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students to create a text. C. Post-teaching:  The students and teacher reflect on the learning activities.  The students and teacher provide feedback on the process and learning outcomes.  The teacher and students make a summary of the materials that has been studied.  The teacher gives information about the plan of learning activities for the next meeting. H. Conclusion English as an international language is a foreign language taught for the students in Indonesia. Teaching English generally aims to give communicative competence for the students. Vocabulary as a component of language teaching plays an important role in improving communicative competence of the students. Before conducting the process of teaching and learning in the classroom, an English teacher must prepare a model of teaching. A model of teaching is designed based on the framework of curriculum and the principles of learning and teaching to guide learning, teaching and assessment for students to achieve the outcomes. In designing a model of teaching and learning of English vocabulary through interactive activities, hopefully an English teacher can make the students enjoyable and interested in studying English. The teacher must be also creative in using some appropriate approaches, techniques, and games in the process of teaching and learning.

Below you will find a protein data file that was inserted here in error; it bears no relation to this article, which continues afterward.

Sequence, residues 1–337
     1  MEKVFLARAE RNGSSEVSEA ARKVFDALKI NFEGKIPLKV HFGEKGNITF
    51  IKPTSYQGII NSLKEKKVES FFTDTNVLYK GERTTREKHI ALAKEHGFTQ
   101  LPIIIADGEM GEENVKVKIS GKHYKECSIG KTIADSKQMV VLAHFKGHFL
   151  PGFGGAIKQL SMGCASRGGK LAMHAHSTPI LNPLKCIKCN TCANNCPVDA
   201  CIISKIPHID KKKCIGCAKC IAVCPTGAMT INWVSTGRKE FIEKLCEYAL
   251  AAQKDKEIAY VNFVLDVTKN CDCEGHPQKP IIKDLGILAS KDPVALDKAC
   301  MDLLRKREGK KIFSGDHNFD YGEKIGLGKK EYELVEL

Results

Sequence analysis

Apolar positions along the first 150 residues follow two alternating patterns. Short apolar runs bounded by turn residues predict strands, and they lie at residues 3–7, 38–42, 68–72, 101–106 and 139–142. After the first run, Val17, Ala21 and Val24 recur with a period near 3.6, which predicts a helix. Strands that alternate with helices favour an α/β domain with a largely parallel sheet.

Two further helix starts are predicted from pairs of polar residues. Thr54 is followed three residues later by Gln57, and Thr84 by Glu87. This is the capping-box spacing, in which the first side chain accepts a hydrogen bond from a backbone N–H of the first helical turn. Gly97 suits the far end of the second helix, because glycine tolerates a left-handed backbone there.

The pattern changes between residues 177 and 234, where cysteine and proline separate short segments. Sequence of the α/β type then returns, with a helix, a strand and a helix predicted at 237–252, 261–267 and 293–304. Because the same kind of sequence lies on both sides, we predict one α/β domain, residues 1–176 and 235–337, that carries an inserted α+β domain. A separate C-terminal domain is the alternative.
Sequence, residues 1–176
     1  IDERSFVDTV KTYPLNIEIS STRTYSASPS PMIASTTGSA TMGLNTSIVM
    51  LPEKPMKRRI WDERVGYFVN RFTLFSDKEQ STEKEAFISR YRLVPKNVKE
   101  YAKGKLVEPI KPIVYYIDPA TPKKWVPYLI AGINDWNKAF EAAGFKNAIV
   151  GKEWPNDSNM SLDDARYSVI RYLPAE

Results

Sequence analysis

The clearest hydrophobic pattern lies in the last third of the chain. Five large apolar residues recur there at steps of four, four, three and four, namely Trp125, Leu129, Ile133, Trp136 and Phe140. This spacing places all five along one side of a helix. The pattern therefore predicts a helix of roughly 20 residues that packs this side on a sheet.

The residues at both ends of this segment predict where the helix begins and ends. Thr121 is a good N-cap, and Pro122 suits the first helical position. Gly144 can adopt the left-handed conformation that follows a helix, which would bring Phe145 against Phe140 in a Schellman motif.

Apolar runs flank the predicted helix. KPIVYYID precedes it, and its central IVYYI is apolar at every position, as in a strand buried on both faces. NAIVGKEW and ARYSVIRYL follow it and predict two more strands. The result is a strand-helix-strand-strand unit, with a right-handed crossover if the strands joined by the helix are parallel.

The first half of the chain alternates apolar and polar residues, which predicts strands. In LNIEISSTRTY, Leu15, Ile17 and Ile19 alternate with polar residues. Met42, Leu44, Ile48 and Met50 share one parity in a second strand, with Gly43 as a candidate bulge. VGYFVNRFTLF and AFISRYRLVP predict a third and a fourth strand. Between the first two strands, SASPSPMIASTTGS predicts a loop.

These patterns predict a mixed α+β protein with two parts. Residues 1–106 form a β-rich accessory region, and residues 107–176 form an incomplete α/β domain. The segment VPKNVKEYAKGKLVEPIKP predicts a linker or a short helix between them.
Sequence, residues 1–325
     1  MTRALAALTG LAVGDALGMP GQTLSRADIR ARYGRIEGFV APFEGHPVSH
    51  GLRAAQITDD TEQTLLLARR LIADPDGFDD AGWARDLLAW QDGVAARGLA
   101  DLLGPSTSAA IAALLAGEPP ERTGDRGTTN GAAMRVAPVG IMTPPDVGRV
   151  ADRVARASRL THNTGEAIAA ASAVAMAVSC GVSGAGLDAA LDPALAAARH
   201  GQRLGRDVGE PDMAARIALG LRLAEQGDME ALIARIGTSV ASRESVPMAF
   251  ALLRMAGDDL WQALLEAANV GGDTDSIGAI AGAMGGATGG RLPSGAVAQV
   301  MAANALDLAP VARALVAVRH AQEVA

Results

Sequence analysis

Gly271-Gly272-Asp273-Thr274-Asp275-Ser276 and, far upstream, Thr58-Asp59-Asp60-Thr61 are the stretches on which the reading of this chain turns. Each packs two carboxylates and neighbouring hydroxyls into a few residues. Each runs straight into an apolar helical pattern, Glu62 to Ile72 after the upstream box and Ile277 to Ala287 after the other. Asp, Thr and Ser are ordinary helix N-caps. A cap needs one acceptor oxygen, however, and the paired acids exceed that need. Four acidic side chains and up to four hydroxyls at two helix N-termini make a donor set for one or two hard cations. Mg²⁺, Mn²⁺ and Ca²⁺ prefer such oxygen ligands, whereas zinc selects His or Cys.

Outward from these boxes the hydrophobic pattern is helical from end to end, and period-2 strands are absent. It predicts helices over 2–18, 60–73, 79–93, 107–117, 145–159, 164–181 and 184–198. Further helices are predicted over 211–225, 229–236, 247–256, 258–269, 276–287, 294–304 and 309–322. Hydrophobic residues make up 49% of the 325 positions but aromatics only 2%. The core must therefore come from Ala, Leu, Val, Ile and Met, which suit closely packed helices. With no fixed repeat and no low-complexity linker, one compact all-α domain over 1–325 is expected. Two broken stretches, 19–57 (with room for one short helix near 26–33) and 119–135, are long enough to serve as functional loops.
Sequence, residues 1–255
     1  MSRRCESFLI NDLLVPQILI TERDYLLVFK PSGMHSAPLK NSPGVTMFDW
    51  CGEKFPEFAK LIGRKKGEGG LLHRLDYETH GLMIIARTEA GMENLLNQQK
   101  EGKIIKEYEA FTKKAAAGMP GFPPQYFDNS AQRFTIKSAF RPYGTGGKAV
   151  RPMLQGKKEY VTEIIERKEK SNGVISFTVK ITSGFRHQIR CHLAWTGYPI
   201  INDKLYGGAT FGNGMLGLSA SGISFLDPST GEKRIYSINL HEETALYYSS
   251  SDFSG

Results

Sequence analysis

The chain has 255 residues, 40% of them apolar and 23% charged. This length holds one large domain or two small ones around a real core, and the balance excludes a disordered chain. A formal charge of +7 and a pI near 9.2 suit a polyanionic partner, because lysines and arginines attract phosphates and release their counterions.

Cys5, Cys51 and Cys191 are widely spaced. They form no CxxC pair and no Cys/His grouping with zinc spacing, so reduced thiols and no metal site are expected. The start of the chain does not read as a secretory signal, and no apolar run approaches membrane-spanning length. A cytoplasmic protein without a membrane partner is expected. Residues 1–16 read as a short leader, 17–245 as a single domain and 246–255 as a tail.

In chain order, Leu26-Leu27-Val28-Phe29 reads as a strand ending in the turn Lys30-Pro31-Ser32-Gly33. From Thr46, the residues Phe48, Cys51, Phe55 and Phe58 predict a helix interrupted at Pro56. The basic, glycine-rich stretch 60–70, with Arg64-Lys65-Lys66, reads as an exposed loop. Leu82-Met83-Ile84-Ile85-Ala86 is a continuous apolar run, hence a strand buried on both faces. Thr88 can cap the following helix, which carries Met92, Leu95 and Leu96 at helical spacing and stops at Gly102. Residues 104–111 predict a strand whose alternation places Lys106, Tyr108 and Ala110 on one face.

References Brown, H.D. 2000. Principles of Language Learning and Teaching. New York: Longman Inc. Brown, H.D. 2007. Teaching by Principles: An Interactive Approach to Language Pedagogy. New York: Longman Inc. Finnochiaro, David. 1974. Language Teaching Methodology. London: Prentice Hall Publishing.


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Grave, Kathleen. 2000. Designing Language Courses: A Guide for Teachers. Canada: Heinle and Heinle Publishers. Hinkel, Eli. 2011. Handbook of Research in Second Language Teaching and Learning. Volume II. London: Roudledge. http://www.pearsonhighered.com/assets/hip/us/hip_us_pearsonhighered/samplech apt er/0132179334 http://thesecondprinciple.com/teaching-essentials/models-teaching/ https://www.udemy.com/blog/teaching-styles/ Littlewood, W. 1981. Communicative Language Teaching: An Introduction. Cambridge: Cambridge University Press. Madya, Suwarsih. 2013. Metodologi Pengajaran Bahasa: Dari Era Prametode sampai Era Pascametode. Yogyakarta: UNY Press. McCarten, Jeanne. 2007. Teaching Vocabulary: Lessons from the Corpus, Lessons for the Classroom. New York: Cambridge University Press. McCarthy, Michael. 1990. Language Teaching: A Scheme for Teacher Education. New York: Oxford University Press. Nation, I.S.P. 2001. Learning Vocabulary in Another Language. The United Kingdom: Cambridge University Press. Richards, J.C. and Renandya, W.A. 2002. Methodology Language Teaching: an Anthology Practice. New York: Cambridge University Press. Richards, J.C. 2006. Communicative Language Teaching Today. New York: Cambridge University Press. Tomlinson, Brian, and Hitomi Masuhara. 2004. Developing Language Course Materials. Singapore: SEAMEO Regional Language Centre. Thornbury, Scott. 2002. How to Teach Vocabulary. Malaysia: Pearson Education Limited. Wright, Sue. 2004. Language Policy and Language Planning: from Nationalism to Globalisation. New York: Palgrave Macmillan.